We attended a bee biology class recently, taught by Ryan at the Trinity Valley Beekeeper's Association. They (the bees) are absolutely fascinating. The queen can lay 2000+ eggs per day for life off of one mating flight but can't feed herself. Female bees do absolutely all of the work in a hive, from the day they hatch 'til the day they die. Male bees (drones) are pretty much good for one thing, breeding to a queen, hopefully from another hive. If successful, they die immediately. If unsuccessful, they are all kicked out of the hive in the fall to starve to death. Since they (the drones) do no other work, it would be impractical for the hive to support them through the winter. After all, the queen can produce more drones at will in the Spring by deciding whether to fertilize the eggs she's laying or not. Fertilized eggs hatch as female workers. Un-fertilized eggs hatch as drones. If the queen slows down her egg production, her daughters gang up on her and either kill her or they conspire to produce a new queen who will do it for them! It's a no-nonsense species. All business, all the time. Something to respect in that. :)
|Honey bee collecting nectar (to make honey) and pollen (to feed baby bees)|
If you find that a swarm of bees has left their hive and taken up in a tree or bush on your property, take the time to call a local bee club. They will likely have someone available to come and rescue the bees. Everyone wins! The bees are very docile at this stage and are easy to handle so there's actually no danger of them attacking you. Their bellies are full of honey and they're just looking for a new home. :)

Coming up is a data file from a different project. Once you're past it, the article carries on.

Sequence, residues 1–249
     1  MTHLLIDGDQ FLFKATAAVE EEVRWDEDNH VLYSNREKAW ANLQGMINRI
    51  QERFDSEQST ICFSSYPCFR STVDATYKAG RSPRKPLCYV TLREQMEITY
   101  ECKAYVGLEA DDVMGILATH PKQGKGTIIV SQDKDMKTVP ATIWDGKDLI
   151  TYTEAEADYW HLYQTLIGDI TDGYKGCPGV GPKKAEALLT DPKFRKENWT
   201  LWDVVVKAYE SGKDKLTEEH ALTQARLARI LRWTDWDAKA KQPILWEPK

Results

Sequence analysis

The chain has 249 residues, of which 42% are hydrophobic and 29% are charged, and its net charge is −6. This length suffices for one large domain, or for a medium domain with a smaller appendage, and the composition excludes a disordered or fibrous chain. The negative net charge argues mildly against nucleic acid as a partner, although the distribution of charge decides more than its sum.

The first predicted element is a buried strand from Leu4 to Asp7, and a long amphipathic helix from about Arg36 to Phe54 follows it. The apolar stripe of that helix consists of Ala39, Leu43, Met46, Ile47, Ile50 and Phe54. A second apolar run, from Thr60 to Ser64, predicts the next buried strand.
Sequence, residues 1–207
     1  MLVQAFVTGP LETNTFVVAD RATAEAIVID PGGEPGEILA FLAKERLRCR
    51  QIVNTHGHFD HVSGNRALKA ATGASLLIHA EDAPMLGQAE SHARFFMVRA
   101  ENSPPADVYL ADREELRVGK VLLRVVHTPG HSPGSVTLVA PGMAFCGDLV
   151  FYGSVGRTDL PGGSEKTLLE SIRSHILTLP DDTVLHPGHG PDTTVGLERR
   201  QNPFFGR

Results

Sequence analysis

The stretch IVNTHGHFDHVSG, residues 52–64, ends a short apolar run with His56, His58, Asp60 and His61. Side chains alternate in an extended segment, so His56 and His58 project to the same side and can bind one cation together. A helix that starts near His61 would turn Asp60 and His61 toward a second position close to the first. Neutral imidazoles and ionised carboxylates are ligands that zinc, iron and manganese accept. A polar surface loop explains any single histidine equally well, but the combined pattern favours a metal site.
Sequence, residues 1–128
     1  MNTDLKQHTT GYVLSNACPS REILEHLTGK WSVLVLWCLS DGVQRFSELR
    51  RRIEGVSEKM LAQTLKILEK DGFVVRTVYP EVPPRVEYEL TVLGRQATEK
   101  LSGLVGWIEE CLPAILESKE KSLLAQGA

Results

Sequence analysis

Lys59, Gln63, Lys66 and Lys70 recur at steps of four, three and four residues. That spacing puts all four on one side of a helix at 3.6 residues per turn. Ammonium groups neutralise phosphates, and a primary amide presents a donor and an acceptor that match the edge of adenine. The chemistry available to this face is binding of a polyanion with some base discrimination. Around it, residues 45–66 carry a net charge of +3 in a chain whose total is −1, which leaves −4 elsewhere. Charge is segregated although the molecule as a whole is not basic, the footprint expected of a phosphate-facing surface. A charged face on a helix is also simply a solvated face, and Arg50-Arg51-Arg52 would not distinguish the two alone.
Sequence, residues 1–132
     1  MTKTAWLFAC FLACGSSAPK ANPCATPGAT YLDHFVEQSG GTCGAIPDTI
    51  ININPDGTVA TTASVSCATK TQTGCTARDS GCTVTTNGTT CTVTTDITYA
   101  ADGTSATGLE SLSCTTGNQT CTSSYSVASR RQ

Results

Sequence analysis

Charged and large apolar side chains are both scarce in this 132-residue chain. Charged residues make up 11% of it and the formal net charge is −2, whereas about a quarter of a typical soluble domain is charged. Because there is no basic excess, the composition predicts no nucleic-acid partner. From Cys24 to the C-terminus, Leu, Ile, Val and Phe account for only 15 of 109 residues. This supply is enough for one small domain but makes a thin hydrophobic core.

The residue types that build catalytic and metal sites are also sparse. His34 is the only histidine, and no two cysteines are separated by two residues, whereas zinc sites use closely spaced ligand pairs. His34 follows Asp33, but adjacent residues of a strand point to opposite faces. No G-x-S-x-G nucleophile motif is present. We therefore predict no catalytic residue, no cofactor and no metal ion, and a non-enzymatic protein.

|Swarm of honey bees waiting to decide on where their new home will be!|
I'm working on a system to start propagating Chili Pequin pepper plants out on our new property. These are a great little pepper that packs a punch, up to 30x hotter than a Jalapeno. We have a number of plants at our house in Arlington but I've not had any luck in getting them to come up from seed here in the woods. After some research that I should have done in the first place, I find that the seeds have a very tough outer cover and have to get some assistance to germinate. The most popular way is to pass the seeds through a bird. Most likely a Mockingbird. The stomach acid helps thin the casing around the seed as it passes through. Also, they need very warm soil (80°-90°) and very little of it to get started. Preferably less than 1/4" covering them as they germinate. If you come to any of the Tiny House events at our place in the future, remember to ask me. I'll be glad to give you some start seeds. :)
So - I'm going to get a starter set and soak my pepper seeds in a bleach water solution (preferred method of softening the seeds. You can also use battery acid. NO JOKE!). These guys are tough! They are the only native pepper plant to the United States, growing wild throughout the central and South Texas regions down throughout Mexico, thriving in a mix of sun and shade. Since there are no hybrids, they all have the potential to propagate. They do take a long time each year to get around to their 1st crop, often taking 150 days or more. Thus the reason to start them inside in the winter, if you can keep the soil warm.
More pics next time of the bee hives and an update on the local deer. We're really hoping that we have a number of fawns this Spring. Most of the does we've seen look pregnant. Very Exciting!!
See ya then!